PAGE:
He only made it halfway down the first corridor when Bai Qian stirred in his embrace. Mo Yuan came to a halt. What kind of interesting moment would that make… her waking up to find herself wrapped in his blanket and being carried in his arms? Would she string him up with the end of a tail as she had Yao Guang? But it turned out Mo Yuan needn’t worry. In fact, he really should have known better by now. All the still sleeping Bai Qian did was curl her torso more towards him… to nuzzle her soft cheek against the side of his neck.
It took the junior apprentice on duty to light the night torches rounding the corner before them for Mo Yuan to recover his wits and start walking again. The open-mouthed junior stood frozen, staring at them. Apparently the sight of the Grandmaster carrying a beautiful sleeping woman in his arms was not what the boy had been expecting to see.
Without breaking his stride, Mo Yuan nodded curtly as he walked past the boy, the Grandmaster looking for all intents and purposes as if this were nothing out of the ordinary. Only once he rounded the same corner did Mo Yuan pause to take a deep, steadying breath. Bai Qian’s sweet scent flooded his senses.
Mo Yuan’s eyes drifted closed at the faint stirring deep within him this caused… only to snap open after a moment.
He quickened his pace. Bai Qian’s guest chamber was very close. The faster he could get her there and leave her for the night, perhaps the better for all concerned.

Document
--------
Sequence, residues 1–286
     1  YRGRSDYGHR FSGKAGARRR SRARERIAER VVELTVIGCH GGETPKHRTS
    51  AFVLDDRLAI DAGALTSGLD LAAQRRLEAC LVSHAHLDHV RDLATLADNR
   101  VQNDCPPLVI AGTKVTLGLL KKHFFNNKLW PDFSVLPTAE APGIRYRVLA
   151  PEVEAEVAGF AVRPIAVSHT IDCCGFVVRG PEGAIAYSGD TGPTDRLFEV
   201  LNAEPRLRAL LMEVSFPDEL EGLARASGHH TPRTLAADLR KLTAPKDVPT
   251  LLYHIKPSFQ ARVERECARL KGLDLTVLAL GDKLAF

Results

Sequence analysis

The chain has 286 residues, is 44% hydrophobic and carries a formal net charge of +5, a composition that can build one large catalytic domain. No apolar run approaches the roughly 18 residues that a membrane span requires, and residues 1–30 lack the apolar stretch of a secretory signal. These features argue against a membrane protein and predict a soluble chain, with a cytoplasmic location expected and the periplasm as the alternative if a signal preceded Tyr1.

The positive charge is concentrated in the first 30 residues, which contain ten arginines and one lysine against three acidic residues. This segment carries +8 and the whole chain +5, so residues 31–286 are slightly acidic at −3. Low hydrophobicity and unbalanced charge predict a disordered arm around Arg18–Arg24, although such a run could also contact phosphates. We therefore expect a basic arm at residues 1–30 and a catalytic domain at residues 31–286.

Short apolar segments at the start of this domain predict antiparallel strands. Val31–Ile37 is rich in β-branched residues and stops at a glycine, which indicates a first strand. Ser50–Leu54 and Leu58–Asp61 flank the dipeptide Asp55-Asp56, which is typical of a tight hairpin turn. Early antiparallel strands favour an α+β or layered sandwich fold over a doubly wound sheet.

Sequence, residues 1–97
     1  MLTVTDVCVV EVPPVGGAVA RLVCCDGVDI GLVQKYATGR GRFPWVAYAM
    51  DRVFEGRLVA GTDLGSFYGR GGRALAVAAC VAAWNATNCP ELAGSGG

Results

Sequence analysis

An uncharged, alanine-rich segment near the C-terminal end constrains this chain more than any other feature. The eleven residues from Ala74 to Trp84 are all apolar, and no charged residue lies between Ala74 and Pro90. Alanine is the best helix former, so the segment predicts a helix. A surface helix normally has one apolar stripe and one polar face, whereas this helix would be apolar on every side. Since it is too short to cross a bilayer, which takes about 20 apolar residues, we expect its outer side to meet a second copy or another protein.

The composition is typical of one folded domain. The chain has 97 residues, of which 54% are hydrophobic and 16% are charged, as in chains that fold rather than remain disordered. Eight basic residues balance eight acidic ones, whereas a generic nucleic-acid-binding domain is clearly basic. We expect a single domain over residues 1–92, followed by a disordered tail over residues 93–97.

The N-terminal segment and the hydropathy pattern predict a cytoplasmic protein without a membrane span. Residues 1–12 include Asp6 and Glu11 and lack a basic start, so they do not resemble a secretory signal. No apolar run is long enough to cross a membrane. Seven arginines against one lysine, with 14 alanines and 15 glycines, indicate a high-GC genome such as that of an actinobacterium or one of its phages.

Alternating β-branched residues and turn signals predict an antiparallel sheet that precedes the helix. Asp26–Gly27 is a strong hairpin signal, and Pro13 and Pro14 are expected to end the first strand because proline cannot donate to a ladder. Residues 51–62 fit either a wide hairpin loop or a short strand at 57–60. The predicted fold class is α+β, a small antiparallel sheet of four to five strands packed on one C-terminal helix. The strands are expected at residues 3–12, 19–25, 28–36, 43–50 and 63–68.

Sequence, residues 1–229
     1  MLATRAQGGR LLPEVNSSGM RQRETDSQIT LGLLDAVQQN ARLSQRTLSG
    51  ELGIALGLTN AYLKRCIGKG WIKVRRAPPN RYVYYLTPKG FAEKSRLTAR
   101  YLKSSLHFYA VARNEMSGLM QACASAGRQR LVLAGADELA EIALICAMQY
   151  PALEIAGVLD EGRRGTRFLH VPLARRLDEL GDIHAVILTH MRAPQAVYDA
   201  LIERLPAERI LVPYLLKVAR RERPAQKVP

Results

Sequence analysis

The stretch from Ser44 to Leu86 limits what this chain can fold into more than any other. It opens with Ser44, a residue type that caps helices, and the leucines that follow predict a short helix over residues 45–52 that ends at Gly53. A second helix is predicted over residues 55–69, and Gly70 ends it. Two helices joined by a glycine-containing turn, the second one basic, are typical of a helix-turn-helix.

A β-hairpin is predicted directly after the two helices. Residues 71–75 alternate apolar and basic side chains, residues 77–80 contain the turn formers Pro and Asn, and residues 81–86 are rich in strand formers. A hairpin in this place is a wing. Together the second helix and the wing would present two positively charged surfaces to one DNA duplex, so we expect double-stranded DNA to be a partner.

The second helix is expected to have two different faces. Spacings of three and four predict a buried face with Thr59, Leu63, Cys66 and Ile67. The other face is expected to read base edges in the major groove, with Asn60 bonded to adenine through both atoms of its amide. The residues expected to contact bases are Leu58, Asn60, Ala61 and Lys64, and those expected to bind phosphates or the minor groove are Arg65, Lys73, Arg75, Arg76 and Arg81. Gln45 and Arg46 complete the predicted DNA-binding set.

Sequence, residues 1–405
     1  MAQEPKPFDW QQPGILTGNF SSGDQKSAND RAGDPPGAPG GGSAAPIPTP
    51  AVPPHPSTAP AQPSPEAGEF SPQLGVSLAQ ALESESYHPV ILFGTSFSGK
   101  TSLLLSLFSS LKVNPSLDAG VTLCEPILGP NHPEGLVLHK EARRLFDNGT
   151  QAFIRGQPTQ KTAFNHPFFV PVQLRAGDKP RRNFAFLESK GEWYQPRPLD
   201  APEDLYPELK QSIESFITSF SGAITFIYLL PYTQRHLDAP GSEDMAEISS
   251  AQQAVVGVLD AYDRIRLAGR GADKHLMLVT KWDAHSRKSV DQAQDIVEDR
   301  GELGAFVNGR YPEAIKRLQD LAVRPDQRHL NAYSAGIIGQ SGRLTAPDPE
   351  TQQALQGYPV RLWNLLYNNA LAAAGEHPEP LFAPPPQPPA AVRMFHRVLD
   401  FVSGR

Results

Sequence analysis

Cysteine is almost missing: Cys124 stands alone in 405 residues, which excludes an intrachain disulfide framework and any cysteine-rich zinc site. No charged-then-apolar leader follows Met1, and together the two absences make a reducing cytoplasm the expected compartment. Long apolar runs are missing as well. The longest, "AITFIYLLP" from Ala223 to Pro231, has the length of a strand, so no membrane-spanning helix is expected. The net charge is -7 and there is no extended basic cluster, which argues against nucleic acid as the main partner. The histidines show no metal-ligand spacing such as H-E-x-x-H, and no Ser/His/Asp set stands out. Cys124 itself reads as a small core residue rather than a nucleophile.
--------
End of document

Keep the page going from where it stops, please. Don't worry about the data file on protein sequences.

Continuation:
Mo Yuan’s steps faltered again.
“Bai Qian?” he whispered, hesitant. He could have sworn he just heard her voice. He kept his gaze fixed ahead in case he’d have to set her down quickly. “Bai Qian? Are you awake?” No response. Mo Yuan shook his head. It had been a very long day and he’d be lying if he said he wasn’t tired as well. It could have been the wind.
He only took a few steps more before she did it again, for now he was certain, it was Bai Qian. Mo Yuan tilted his head closer to hers, ignoring for now how that caused her cheek to press even more firmly against the side of his neck.
No… She couldn’t be.
Yes… she is. Mo Yuan’s eyes grew wide.
Bai Qian was humming in her sleep. He could feel the vibrations at the base of his throat.
What sounded like random tones soon coalesced into what Mo Yuan’s musical ear discerned to be a song. But before he could begin to follow the melody, Bai Qian fell silent once more.
No, Bai Qian, don’t stop. I wish to hear it.
He waited several minutes, standing there in the middle of a corridor with her in his arms. When she didn’t resume, a disappointed Mo Yuan steeled his shoulders and briskly walked the rest of the way to her chamber.
Laying Bai Qian gently upon the bed, Mo Yuan brought forth her bag and silk band, both of which he placed on the side table.
With a sense of relief, he made his way to the door to leave but stopped instead. Bai Qian had started humming again. Curiosity getting the better of him, Mo Yuan quickly went back and sat on the edge of the bed. Purposely closing his eyes this time, Mo Yuan concentrated.
Though it was being voiced, the melody was rounded, both unhurried and fast. Mo Yuan recognized a familiar rise and fall of cadences within it; the differences in yin and nao evident.